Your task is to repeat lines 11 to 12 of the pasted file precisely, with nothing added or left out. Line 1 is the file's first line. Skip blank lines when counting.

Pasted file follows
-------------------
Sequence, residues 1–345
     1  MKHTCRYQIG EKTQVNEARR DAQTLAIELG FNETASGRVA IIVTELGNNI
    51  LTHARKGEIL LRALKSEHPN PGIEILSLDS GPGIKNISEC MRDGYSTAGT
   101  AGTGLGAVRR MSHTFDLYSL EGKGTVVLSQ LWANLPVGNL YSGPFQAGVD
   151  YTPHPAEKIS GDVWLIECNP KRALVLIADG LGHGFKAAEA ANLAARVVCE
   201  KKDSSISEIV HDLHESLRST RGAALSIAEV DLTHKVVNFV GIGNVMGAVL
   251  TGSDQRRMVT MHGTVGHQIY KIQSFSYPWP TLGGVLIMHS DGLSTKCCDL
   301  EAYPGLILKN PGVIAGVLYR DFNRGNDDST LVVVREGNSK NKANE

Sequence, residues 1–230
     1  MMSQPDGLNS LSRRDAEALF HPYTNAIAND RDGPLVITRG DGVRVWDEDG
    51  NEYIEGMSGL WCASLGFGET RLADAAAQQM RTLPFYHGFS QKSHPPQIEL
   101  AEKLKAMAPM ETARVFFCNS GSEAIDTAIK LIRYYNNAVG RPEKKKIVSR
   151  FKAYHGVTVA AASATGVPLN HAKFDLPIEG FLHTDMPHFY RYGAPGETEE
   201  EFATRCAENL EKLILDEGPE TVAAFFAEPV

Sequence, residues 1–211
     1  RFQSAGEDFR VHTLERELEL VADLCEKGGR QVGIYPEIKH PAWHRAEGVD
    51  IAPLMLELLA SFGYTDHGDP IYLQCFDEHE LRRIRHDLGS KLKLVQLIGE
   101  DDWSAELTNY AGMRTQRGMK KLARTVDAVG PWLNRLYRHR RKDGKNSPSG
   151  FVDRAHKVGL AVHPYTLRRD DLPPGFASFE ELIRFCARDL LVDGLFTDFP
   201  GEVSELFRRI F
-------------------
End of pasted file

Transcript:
    51  NEYIEGMSGL WCASLGFGET RLADAAAQQM RTLPFYHGFS QKSHPPQIEL
   101  AEKLKAMAPM ETARVFFCNS GSEAIDTAIK LIRYYNNAVG RPEKKKIVSR